Photograph Daniel Lippitt


“There are a lot of schemers that show up in this city who think they’re going to save Detroit,” says Zak Pashak. “Coming here and starting a business does a great thing for the city, but don’t say you’re saving it. This is a serious place to come to. It’s not frivolous. People are coming here to try and contribute to a really interesting community.”

To convey the spirit of his plan to make bicycles in Detroit, Zak Pashak feels a tour is in order. At the wheel of his worn Toyota Prius, the 32-year-old entrepreneur narrates as the sprawl of Detroit unfolds, revealing a city broken but not dead. We pass the obvious blights symptomatic of a long-depressed city: rampant vacancy, overgrown land and lots of people sitting on stoops with nothing to do. But there are also signs of life, including a patch of downtown streets that people have taken to walking again and new businesses spun from an emergent entrepreneurial spirit. Local leaders are hoping these seeds will help to pull the city out of its 40-year funk. It was partly this spirit, partly an “irrational fascination with Michigan” and partly a need for change that drew Pashak to the Motor City from his hometown of Calgary two years ago.

Many Calgarians will know him as a precocious bar owner and music promoter who lost a close race for city alderman in 2010. Pashak’s latest venture, however, has nothing to do with Calgary or concert spaces. It’s a company called Detroit Bikes. Pashak plans to mass-produce bicycles in a city that was once famed for auto manufacturing but is now known more for its murder rate and the sheer scale of its emptied neighbourhoods. Since the 1950s, Detroit’s population has dropped from nearly two million to roughly 700,000, shedding 25 per cent of its residents in the past decade alone. The decline runs deep, some say starting with the race riots of 1967, followed by a long history of corrupt local government, rapid suburbanization and the fall of car manufacturing, compounded more recently by the global recession.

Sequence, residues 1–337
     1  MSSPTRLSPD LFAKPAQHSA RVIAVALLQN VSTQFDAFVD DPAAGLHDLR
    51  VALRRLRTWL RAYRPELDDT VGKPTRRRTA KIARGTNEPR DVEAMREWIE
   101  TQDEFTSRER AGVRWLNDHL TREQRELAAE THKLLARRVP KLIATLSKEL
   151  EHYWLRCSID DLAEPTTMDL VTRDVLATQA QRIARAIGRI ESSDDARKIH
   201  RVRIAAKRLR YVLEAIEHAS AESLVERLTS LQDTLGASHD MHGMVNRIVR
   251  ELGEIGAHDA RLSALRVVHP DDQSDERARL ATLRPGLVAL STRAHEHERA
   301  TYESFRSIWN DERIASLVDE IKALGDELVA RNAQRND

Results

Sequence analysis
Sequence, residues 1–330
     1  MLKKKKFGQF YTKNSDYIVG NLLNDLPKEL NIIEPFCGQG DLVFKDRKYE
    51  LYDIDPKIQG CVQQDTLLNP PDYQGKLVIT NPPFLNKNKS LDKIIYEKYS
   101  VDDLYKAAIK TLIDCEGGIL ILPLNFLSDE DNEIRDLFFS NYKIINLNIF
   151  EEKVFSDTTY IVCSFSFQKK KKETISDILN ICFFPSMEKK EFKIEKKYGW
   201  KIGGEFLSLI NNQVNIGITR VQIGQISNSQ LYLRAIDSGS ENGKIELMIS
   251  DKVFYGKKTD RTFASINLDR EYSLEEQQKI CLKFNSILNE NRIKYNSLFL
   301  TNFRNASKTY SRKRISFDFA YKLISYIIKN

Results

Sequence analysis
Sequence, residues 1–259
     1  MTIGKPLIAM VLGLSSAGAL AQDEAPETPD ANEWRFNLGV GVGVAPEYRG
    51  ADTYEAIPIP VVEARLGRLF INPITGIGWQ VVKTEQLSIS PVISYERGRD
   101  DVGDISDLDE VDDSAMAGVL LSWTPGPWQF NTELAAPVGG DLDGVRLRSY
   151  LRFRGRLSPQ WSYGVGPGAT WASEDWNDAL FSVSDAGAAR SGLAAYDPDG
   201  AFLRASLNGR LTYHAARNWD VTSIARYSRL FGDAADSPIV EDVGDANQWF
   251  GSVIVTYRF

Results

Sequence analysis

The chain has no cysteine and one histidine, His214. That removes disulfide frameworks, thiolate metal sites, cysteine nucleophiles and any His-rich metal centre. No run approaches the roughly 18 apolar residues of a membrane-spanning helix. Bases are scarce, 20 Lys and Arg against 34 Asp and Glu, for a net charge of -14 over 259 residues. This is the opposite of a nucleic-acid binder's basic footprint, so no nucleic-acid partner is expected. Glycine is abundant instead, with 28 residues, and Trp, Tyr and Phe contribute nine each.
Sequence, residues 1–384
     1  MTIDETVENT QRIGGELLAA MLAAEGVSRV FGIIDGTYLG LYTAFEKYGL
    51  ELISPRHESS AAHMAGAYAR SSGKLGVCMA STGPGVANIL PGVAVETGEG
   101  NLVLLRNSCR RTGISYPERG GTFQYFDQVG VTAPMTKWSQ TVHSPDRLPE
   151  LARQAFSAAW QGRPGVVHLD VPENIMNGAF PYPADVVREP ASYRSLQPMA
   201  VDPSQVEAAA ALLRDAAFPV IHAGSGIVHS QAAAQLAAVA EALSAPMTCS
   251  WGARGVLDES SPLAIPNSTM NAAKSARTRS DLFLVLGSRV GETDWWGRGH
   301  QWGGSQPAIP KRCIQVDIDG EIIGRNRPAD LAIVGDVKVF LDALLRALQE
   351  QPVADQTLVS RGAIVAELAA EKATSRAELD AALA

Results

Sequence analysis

As we cruise the wide, empty boulevards into the city’s grittier pockets, Pashak points out his favourite buildings, ornate vestiges of better times. There are at least two he half-heartedly considered buying (for practically nothing) and remaking into some kind of business, perhaps a concert hall. Unlike Detroit’s heyday as a boomtown, its utter blankness and thirst for revival is now attracting a new kind of industrialist, people like Pashak who have money, ideas and the audacity to carry them out.

Overdressed on this muggy day in long sleeves and oversized chinos, Pashak walks with small quick steps and talks about everything in the same even, unexcitable tone. It might be that he is someone who’d rather do than talk about doing, but when it comes to media attention he’s used to reciting his story. He comes from a well-known Calgary family: his father, Barry Pashak, was a local NDP MLA; his mother, Jackie Flanagan, is a philanthropist and founder of Alberta Views magazine; and his ex-stepfather, Allan Markin, is a wealthy oilman and the former chairman of Canadian Natural Resources. Pashak has also garnered his own attention: starting businesses in your twenties gets you in the papers.

At an early age, Pashak showed an interest in money and, particularly, how to grow it. When he was eight, he requested that the child-support money his mother had been saving for him be invested in his step-dad’s oil company. It was a sweet boyhood gesture that would spark a passion for investing. “Every morning I’d wake up and read stock reports and make investments,” Pashak says of his high school years. “I had brokers.” By the time he was 20 he’d made enough money to buy a house just before Calgary’s real-estate market took off. The well-publicized divorce of his mother and Markin landed her a sizeable settlement, of which she gave Pashak and his sister “a small amount,” he says, enough for him to open a music club in 2004 called Broken City. (He’s since sold it, but still owns a quarter share and the building.) “That ended up being a significantly helpful investment, just the real estate,” he says.

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